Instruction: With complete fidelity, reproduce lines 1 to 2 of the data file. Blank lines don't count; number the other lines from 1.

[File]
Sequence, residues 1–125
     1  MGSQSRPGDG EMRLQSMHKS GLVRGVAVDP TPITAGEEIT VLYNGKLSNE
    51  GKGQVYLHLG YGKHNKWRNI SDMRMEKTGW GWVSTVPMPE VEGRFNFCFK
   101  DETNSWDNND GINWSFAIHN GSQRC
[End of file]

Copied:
Sequence, residues 1–125
     1  MGSQSRPGDG EMRLQSMHKS GLVRGVAVDP TPITAGEEIT VLYNGKLSNE